Alternatively, if we are convinced that tapuach was indeed intended by Chazal to mean the citron, and that tapuach as used by named Tannaim or Amoraim in the Zohar means an apple, then we have an explicit machlokes, or contradiction. And this is not a legitimate, run of the mill machlokes between members of Chazal. This is as to the meaning of a common word, in common use! We know the gemara was from Chazal. We don't know this to the same degree for the Zohar (with apologies to Rav Tzadok HaKohen). It is the Zohar which suddenly was "discovered" in the late 13th century, with serious questions as to its legitimacy and as to whether it was forged.

If the author(s) of the Zohar made a crude mistake in the meaning of a word Chazal should know, this should indicate that the Zohar is a forgery. And as noted above, this is not some late interpolation, since the rabbis are named. It would be a deliberate forgery.

Note: Not intended halacha lemaaseh.

Update: See also this Zohar, from Acharei Mot:


Also, see the commentary of the Sullam on this, page 112 in the pdf:

27 comments:

Mississippi Fred MacDowell said...

Is this anachronism your own discovery? Nice.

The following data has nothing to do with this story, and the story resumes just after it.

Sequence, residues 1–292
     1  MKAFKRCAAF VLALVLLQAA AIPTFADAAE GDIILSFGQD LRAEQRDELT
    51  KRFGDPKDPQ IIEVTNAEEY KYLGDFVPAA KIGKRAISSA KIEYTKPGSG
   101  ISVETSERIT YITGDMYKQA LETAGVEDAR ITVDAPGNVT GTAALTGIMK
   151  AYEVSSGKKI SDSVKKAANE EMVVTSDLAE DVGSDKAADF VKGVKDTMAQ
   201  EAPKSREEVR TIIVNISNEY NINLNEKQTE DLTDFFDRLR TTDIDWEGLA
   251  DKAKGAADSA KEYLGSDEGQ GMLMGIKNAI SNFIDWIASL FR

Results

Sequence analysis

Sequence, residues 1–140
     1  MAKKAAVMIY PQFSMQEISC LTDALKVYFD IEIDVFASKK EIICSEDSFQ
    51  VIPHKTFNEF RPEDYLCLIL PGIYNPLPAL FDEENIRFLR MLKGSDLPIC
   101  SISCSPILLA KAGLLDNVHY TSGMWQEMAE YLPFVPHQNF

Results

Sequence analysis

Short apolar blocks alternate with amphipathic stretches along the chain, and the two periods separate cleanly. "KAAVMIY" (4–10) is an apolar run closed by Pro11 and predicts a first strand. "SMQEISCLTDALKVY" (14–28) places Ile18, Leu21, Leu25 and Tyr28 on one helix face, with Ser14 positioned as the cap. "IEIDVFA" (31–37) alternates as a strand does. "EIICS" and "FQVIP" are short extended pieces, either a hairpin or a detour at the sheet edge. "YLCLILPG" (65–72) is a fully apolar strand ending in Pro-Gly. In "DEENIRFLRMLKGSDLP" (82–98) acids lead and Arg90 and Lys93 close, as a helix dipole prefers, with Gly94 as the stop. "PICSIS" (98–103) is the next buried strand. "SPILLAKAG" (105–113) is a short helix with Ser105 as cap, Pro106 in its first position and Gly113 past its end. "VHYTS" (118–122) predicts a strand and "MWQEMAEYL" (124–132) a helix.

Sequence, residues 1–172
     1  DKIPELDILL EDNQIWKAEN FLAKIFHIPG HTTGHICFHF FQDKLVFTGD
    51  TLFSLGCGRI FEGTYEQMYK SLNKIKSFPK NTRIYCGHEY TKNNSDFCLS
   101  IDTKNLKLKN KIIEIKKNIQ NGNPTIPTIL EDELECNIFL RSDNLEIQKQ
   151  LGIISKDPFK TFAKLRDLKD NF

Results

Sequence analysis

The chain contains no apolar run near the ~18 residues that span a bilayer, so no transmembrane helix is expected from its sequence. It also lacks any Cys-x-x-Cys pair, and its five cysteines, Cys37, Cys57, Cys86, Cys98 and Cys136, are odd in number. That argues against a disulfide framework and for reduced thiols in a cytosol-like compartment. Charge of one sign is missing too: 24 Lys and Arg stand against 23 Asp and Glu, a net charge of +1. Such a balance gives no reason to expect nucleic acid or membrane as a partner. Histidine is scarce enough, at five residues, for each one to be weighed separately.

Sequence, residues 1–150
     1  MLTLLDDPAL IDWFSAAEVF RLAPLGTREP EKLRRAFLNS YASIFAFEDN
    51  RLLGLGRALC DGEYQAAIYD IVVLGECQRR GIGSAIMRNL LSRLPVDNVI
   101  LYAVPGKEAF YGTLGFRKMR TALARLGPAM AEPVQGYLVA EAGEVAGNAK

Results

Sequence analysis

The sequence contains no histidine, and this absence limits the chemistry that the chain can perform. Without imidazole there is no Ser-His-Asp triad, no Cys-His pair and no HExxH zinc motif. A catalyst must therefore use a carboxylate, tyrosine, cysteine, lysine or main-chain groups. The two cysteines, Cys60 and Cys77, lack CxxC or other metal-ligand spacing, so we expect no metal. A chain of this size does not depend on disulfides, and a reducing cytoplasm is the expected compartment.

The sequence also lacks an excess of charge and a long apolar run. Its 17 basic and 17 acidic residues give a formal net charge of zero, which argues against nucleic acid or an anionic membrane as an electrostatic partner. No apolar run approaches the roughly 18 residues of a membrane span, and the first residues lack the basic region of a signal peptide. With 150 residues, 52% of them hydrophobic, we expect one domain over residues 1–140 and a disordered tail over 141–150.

joshwaxman said...

thanks.
yes and no, i guess. i had heard the thing about citron for charoses, and separately i think i've seen the zohar cited, where the simple implication was that was an apple, based on the various colors. i put two and two together...

kt,
josh

joshwaxman said...

looking now, i see that the New York Times contrasted Rav Soloveitchik and the Zoar, without explicitly noting that this would then form an anachronism.

see here and here.

joshwaxman said...

and come to think of it, i was reading avakesh about apples a few days ago (about apple tossing), so it was probably sparked by reading that post. and so i don't think i get very much credit for making the associating. oh, well.

:)

kt,
josh

Garnel Ironheart said...

The very unripe orange is sometimes green. The pith surrounding the fruit is white. And Chazal worked in primary colours. Hence red, white green.
On the other hand, some apples can be really acidic.
Might that be an alternative?

joshwaxman said...

orange works out, and i was indeed thinking something along those lines. the problem is that it seems that the orange and lemon were not available in Chazal's area at that time, nor does it possess all the Biblically ascribed features. so the link above.

ditto about the apple (such as a granny smith), about the features of the tapuach tree (aside from possible acidity, in some cases). i would, however, note that apple *blossoms* can also be quite fragrant. but it would not work if we simultaneously want to hold like Rav Schachter and Rav Soloveitchik, about the identity of the tapuach.

as i noted in the post, it might be possible to harmonize. but i would treat these as harmonizations, rather than the most likely, straightforward interpretation.

kt,
josh

joshwaxman said...

"so the link above." should read "see the link above." where I write "really refers to a citron can be read here." it discusses and dismisses oranges...

JS said...

Where in the Aramaic do you see these words

AS THE UNITY OF THE HOLY ONE, BLESSED BE HE, IS THE SECRET OF THE THREE COLUMNS BEING THE SECRET OF WHITE, RED, AND GREEN AS EXISTING WITH THE APPLE,